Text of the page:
Australia’s Central Coast GAA’s 40th sports day anniversary is quite a poignant occasion, not just because it’s a significant and successful organisational achievement but also because it’s coming hot on the heels of St. Patrick’s day, the day that resonates amongst the Irish throughout the world – a chime to bring us into sync and remember who we are and where we are.
But before we delve into the sports anniversary, let’s take a short tour and discover who are Central Coast GAA. Back in 1980, an invitation was sent out to a few Irish men living on the Central coast, New South Wales (NSW), asking them to come and play in a Gaelic football match in Queensland. As it turned out, the day’s events must have left such an impression that on the way home, they decided to form an Irish social club. Their aim was to meet and form a committee that would organise Gaelic games, dancing, music and all with open arms to anyone that would care to join. Research suggests that the social club was formed in a very short time and initially held the title ‘Central Coast Irish Athletic Club’ but over time this appears to have changed to the ‘Central Coast Irish Association’ (CCIA).
Setting some context as to where Sydney is on the Australian continent
Monarch Oval, one of the many fine pitches available to Central Coast GAA
Of particular interest to Ballycran, largely because we have an emphasis on hurling and camogie, the first team to become affiliated to the CCIA was a hurling team. In a few short years, the hurling team turned around a game on a cold and windy field to secure a colossal league win against Australian champions the Penrith Gaels. With this victory and a fair wind in their sails, Central Coast GAA have continued to be successful with many a victory in all codes over almost forty years of their existence.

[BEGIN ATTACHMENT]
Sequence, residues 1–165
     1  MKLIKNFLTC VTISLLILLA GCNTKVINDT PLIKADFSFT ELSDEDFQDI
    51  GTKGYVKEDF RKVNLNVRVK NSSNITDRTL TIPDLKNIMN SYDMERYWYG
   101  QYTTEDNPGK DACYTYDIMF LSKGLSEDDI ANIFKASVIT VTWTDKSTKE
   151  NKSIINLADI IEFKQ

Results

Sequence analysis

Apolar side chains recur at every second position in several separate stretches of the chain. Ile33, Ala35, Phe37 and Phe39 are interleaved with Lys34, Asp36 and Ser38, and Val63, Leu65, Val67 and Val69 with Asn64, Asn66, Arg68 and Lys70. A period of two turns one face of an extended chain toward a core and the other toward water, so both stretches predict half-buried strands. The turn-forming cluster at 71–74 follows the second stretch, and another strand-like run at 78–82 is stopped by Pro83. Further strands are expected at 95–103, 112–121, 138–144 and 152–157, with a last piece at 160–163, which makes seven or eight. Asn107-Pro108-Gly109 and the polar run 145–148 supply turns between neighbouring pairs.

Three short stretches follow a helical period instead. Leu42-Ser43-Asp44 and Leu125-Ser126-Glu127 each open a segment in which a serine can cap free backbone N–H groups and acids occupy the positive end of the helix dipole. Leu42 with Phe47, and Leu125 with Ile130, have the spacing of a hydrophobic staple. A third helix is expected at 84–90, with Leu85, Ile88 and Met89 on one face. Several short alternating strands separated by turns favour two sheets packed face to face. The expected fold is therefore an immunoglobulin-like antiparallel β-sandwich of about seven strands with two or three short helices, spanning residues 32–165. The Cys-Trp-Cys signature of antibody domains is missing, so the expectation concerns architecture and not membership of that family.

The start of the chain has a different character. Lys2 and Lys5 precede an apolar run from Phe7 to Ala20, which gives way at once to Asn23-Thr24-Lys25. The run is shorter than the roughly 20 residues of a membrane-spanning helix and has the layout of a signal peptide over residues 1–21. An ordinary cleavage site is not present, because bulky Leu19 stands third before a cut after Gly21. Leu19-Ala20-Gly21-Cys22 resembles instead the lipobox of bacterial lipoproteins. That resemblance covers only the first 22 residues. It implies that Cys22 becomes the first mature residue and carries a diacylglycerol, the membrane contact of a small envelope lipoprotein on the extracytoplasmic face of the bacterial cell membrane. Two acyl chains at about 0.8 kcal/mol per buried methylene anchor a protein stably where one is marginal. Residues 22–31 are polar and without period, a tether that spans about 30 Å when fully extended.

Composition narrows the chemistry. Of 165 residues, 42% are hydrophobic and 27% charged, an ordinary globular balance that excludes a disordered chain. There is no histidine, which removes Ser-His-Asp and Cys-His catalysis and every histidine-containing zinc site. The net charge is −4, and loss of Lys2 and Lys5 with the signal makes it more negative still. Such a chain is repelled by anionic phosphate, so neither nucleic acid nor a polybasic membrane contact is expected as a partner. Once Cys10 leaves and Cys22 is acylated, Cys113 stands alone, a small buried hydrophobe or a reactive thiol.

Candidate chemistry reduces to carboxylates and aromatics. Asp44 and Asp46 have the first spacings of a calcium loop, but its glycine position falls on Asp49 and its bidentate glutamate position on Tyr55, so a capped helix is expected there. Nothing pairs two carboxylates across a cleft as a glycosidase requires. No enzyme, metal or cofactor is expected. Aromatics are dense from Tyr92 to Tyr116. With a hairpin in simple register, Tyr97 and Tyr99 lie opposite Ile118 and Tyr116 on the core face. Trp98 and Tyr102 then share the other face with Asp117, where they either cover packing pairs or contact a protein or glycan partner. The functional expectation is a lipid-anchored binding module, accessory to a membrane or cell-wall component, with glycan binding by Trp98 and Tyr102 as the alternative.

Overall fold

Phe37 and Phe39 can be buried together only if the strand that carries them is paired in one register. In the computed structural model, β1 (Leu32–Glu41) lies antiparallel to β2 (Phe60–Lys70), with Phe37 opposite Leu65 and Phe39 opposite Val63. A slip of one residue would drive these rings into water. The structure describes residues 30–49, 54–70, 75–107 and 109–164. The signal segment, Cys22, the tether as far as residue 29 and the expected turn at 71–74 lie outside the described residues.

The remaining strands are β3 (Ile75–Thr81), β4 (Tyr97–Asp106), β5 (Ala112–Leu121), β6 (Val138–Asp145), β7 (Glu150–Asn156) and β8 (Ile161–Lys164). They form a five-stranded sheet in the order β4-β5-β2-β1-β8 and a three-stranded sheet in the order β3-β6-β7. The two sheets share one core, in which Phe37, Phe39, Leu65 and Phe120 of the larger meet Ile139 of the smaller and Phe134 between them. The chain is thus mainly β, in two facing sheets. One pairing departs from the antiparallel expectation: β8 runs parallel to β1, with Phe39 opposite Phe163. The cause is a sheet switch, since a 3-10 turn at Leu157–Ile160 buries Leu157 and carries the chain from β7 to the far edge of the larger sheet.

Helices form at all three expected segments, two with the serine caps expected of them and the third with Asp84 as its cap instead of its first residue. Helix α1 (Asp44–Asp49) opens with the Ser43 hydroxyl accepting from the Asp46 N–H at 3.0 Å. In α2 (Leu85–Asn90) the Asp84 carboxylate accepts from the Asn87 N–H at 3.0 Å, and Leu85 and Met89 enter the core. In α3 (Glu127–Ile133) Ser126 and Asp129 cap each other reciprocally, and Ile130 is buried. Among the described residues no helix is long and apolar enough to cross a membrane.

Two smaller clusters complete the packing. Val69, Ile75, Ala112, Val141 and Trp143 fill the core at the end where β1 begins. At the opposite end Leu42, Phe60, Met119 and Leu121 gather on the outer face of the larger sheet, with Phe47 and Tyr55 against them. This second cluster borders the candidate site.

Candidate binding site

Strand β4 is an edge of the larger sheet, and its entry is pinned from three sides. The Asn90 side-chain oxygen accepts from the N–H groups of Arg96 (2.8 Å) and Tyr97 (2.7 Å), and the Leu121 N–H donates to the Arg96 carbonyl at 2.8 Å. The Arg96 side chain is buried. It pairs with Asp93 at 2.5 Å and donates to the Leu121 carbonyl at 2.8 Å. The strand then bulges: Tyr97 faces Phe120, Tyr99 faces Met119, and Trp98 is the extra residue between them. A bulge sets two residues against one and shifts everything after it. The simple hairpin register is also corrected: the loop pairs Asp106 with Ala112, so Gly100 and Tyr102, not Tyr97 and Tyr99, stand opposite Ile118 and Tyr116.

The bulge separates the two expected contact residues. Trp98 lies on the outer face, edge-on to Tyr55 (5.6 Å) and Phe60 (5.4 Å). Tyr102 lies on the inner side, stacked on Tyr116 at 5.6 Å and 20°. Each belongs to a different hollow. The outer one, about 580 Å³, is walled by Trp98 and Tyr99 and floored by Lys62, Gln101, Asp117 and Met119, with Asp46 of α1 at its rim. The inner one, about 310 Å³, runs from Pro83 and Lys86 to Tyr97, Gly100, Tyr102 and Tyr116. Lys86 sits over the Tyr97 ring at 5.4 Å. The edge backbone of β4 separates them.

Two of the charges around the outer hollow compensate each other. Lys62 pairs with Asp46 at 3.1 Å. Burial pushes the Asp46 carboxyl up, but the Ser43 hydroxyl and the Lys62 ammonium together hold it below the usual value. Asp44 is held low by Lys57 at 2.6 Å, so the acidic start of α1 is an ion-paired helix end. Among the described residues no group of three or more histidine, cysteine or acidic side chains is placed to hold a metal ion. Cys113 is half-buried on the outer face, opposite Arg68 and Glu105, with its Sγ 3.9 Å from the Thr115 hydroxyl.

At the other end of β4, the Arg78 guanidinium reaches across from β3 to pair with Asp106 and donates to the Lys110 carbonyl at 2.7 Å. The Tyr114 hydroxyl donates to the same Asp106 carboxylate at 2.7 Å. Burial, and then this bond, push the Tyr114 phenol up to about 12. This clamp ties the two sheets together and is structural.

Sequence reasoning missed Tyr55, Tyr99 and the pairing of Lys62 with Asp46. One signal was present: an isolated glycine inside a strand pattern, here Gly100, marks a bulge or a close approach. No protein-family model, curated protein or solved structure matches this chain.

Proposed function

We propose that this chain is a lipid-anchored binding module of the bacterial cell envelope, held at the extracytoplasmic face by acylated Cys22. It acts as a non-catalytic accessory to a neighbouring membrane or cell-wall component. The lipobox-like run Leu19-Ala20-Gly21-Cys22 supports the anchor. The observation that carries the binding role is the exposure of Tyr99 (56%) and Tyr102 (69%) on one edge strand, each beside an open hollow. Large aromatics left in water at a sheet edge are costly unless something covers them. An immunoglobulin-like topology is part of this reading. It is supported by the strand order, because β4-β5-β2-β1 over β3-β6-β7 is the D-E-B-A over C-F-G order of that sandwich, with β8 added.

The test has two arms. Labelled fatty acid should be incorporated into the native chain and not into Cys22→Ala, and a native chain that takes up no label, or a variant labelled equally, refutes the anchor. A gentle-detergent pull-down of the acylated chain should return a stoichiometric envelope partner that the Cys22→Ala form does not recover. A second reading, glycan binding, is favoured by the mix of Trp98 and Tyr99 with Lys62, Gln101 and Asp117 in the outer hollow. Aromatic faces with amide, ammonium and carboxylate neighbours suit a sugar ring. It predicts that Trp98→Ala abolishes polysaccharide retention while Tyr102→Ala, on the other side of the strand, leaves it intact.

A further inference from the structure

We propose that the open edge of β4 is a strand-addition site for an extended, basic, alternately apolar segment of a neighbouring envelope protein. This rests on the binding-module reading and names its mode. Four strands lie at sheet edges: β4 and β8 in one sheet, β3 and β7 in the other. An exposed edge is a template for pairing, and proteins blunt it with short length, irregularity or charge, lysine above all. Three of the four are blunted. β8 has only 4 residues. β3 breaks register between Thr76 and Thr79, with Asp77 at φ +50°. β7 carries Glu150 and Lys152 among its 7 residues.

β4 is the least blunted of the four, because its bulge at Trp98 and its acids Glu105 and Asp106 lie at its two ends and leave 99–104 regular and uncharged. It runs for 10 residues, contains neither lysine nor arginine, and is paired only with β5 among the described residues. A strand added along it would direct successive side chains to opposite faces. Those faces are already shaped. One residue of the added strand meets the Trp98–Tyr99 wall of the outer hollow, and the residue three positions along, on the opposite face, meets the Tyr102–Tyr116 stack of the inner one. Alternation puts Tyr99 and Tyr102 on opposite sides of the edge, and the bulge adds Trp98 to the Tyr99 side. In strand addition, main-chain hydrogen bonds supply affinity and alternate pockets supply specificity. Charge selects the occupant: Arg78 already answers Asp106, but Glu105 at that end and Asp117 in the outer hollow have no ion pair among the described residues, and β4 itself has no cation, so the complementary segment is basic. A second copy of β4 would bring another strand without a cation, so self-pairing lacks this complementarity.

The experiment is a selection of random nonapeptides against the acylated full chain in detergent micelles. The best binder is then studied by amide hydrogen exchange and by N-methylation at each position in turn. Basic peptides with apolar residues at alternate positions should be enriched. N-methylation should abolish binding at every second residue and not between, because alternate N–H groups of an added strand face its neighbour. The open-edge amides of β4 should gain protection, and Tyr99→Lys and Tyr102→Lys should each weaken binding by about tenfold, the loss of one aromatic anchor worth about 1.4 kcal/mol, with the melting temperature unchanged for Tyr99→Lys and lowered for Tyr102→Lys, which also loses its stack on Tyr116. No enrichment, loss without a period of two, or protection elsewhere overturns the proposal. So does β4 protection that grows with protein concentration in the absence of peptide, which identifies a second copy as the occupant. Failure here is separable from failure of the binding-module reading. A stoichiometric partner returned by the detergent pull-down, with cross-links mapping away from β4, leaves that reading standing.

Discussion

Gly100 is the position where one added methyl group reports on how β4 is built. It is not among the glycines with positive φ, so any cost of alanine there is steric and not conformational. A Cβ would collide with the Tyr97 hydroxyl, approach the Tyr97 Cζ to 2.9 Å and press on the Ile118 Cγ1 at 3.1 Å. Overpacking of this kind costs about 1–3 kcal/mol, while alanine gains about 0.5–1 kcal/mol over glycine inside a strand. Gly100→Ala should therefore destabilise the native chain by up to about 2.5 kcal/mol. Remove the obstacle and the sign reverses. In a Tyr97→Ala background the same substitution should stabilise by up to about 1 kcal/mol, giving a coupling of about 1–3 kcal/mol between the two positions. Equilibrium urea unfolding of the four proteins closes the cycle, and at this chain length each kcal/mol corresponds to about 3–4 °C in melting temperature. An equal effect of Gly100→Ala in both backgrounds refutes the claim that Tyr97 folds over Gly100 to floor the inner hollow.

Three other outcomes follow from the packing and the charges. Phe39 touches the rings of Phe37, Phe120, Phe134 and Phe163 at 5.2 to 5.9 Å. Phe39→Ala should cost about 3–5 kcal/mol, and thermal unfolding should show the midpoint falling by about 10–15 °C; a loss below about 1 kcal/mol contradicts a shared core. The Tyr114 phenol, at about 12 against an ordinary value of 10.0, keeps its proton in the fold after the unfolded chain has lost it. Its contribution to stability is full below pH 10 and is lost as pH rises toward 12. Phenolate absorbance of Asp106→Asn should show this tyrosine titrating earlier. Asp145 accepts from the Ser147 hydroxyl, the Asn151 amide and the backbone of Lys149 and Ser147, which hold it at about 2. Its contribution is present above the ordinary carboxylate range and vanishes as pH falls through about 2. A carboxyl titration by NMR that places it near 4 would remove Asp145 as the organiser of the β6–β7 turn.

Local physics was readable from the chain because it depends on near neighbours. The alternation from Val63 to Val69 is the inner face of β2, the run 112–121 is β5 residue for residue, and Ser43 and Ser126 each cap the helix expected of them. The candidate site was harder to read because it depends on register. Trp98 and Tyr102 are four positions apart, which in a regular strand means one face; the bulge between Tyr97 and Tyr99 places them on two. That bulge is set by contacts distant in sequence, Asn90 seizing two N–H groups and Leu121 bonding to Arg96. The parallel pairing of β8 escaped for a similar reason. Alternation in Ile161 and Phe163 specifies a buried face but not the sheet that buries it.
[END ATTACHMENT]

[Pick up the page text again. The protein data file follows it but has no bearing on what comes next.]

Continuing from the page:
A sun kissed Monarch Oval, a fine venue for a game of hurling or camogie
Central Coast GAA, based in Sydney has grown from strength to strength as a Gaelic games Club. They are a unit of the GAA’s Australasia Association and one of 9 Clubs in New South Wales. The current Secretary of the Club is Paula Mallon, partner of Ballycran’s Michael McCullough and there we have our cue to the Ballycran six.
You might recall that our Club ran a series of diaspora web articles back in 2019 as part of our web site launch and we were fortunate enough to have a few volunteers offer up their views on life in ‘Oz’. Through those articles we learned that Ballycran has six of our hurlers staying in the Sydney area playing or managing for the Central Coast. They are, in no particular order, Denis ‘Dessie’ Crawford, Conor ‘Boot’s McCarthy, Michael McCullough, Paul ‘Merv’ Keith, Seanny ‘Mac” McManus and Brian ‘Dinger’ Bell.
Ballycran five (Conor, Denis, Michael, Brian and Paul) and soon to be six with Seanny Mac joining the clan
Seanny Mac blends into the line up of familiar faces
But did you know Ballycran’s Mal Gilmore was one of the earlier residents on the Central Coast?
The coronavirus pandemic has changed our lives and with travel restrictions in force, Ireland and Australia have never felt so far apart. But that will change in time and we look forward to welcoming our six out to the Park once again and hopefully meeting their better halves! In the meantime, we can and do wish them and the Central Coast the very best for Sunday the 28th’s 40th Central Coast Gosburn games and maybe some silverware to boot! This is a festival of Gaelic games where 34 matches of the various codes are played to conclusion over the entire day from early morning to late in the afternoon. If you get knocked out, you fold back in to help with the smooth runnings of the day.
And now a message or two from a special panel…
At the time of writing this article, Sydney has been receiving unprecedented weather, with a forecast suggesting more to come this week. We truly hope that this will not have an adverse effect on all of the planning and hard work that has gone into organising the sports day and wish everyone good luck and a safe week.